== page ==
About a month ago, I bid on the most lucrative job of my career and to my delight, was hired for it. The client’s needs weren’t outrageous, but the production schedule and demands on our gear would be…
The company is a wholesale manufacturer that produces clothing for some of the largest department store chains in the country (think Target, JC Penny, etc). I’m typically hired for my architecture and event work, but this job was to Photograph over 600 styles of fashion product on mannequins, for a Fall and Spring collection. The images would be placed directly into line sheets (a simple catalog of all their styles) for their sales team. The photos had to be exceptionally styled, sharp, and color balanced perfectly…but above all, consistent in lighting. This would be challenging because the palette of colors was all over the spectrum. The images had to showcase the colors accurately as well as the manufacturing, design, and detail of the fabric.
The volume, fast production and limited time per shot required a high level of reliability from my gear. We calculated a per image time of 3 ½ minutes per photo based on the amount of styles and the time given to shoot. It didn’t leave much time to rest, reset, or replace gear if something went wrong.
The initial gear was easy to choose. Two 5D MKIIs with 85 1.2L lenses tethered into two MacBook Pros with Capture One, processing out to a MacPro Tower where my Post Production guru was sweetening the jpgs for final onsite delivery when the shoot wrapped. Probably the most important decision was lighting.
Since I’m primarily a natural light photographer, I’m lucky to have the best digitech assistant in the business to help recommend studio lighting solutions. He didn’t hesitate to recommend a Profoto setup, despite all of the available options. We acquired two Acute2R 1200 packs and six heads. I know Profoto lights can be pricey, so cost was a concern. Luckily I had the budget, so I decided that it wasn’t worth being cheap and risking consistency or reliability for this shoot…my reputation depended on delivering the highest quality images possible.
I try to stay objective with my reviews, but in this case, it’s hard. At the risk of sounding enamored, I admit the Profoto lights really came through for us. Profoto has a level of build quality and attention to detail that is instantly noticeable in their gear, but the performance and capability of these lighting systems are even more apparent when seeing them in action.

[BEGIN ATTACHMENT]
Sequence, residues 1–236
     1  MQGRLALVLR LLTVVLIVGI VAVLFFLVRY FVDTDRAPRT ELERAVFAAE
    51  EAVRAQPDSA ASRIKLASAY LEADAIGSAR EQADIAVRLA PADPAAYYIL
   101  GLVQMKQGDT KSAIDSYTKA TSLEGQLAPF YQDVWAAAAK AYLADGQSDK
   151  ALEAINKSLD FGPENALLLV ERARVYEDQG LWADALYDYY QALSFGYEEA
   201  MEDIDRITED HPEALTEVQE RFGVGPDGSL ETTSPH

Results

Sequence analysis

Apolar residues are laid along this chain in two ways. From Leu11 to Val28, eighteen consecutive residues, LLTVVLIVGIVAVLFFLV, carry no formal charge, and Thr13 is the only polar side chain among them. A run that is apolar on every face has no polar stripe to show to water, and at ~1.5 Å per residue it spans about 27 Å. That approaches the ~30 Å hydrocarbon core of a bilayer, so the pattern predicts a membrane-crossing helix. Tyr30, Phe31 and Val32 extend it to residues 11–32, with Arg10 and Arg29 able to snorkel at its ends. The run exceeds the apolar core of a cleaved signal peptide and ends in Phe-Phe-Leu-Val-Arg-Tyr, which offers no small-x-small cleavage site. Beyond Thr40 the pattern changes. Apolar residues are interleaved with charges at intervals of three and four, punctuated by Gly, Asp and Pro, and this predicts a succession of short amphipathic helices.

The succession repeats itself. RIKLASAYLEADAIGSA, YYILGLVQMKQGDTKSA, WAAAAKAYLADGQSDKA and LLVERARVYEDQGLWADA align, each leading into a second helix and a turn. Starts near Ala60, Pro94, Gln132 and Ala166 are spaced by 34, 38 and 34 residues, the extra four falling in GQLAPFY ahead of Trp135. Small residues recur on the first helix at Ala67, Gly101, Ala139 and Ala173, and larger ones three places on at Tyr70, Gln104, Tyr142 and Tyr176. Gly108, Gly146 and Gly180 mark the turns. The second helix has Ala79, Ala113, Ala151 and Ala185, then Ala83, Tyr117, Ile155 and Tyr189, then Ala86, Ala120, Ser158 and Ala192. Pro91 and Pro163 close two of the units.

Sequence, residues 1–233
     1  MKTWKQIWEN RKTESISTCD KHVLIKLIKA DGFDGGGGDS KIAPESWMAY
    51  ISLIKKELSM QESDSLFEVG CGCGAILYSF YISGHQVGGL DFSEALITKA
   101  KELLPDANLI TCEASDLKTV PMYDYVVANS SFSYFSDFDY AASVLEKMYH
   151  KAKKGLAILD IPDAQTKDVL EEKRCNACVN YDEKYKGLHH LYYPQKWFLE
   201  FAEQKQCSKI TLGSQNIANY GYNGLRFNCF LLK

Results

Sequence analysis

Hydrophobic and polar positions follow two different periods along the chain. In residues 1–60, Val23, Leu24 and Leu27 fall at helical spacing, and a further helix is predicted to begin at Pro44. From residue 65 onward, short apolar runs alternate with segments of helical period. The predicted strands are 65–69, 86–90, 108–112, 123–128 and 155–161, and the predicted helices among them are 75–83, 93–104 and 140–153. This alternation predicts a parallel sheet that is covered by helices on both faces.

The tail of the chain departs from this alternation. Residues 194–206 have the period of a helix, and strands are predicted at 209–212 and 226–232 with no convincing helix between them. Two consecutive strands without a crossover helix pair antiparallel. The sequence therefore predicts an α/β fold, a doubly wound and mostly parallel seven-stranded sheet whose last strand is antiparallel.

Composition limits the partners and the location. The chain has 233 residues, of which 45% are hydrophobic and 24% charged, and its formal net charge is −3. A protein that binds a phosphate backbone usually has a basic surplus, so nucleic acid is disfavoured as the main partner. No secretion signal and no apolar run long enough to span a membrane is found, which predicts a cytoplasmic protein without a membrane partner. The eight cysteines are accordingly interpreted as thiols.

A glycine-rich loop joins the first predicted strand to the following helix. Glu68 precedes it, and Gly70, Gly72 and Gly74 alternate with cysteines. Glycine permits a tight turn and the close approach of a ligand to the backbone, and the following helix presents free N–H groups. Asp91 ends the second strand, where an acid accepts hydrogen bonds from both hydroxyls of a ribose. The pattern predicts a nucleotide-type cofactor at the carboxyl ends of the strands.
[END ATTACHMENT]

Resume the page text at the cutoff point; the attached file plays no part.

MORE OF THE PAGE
Ok, let’s get to the nitty gritty…
We were shooting in a large showroom at the clients corporate offices, not a studio, and I was concerned about drawing too much power and blowing breakers. I discovered that the Acute2R 1200’s have a low amperage draw, so we could use them without fear of blowing circuits (and we didn’t, not one). Additionally, the light weight of the packs let us get in and out of the space easily.
They are consistent. INCREDIBLY consistent. The color stability throughout the power range was essential for us because color accuracy was extremely important with the bright and mixed colors of garments we were shooting. Once we decided on exposure and direction, I was very pleased that almost every frame had the same quality of light.
The ability to run three heads on one pack was also nice…it gave us the flexibility to travel lighter and have a more compact set. This is a plus when you have tons of soft stylists and art directors running around all over the place. Less gear for them to trip on.
I loved the fact that we could zoom the reflectors and fine tune the light without needing many different light shaping tools. Super nice feature of the heads, again – saving us the need for more gear.
The built in Pocket Wizard receiver enabled us to shoot without worrying about the receiver’s battery and also enabled us to shoot on two separate sets without one light tripping the other via optical slave.
We did reconfigure the set a bit for a different type of shoot on the final day, the ability to hot plug heads let us do so as needed without worrying about dumping the pack’s power.
Yeah, I could gush a bit more, but those were the standouts for me. I know, almost all good things to say…so in the spirit of being objective, here’s a couple things that I’d like to see Profoto change:
We had to leave them on at night because when they’re shut down, the built-in wizard “forgets” its last setting and since we were using two on separate channels we kept them on to maintain sync. Not very green. The tree hugger in me didn’t like leaving the set with the fans running. It would be nice if they could have the built-in wizard remember its last setting when powered off, and have a reset button to return to default.
It would be great to have a bit more finite control for each head independently.
Of course, these criticisms are minor in the grand scheme of things. Overall, these lights were fantastic. We hammered them for 3 days straight and they never failed. I felt like we could have gone on for a month straight without failure. After working with Profoto lights, it’s clear to me the value and piece of mind they provide when reliability and consistency is paramount. Although expensive, the value is there and sometimes you get what you pay for. This Profoto setup was worth every penny and helped me produce the kind of images I needed to please my client.
My clients first reaction to the images? “They are fantastic!!!”
It’s nice when your images can surpass expectations. My client has already hired me for more work and I can’t say that it’s solely because of Profoto, but I can say that Profoto lights had a lot to do with it. I didn’t have to worry about failures or downtime on a tight production schedule. I could concentrate on the image and the creative process, which is how it should be.
Many thanks to Profoto and Adorama for making the most lucrative shoot of my career, a huge success.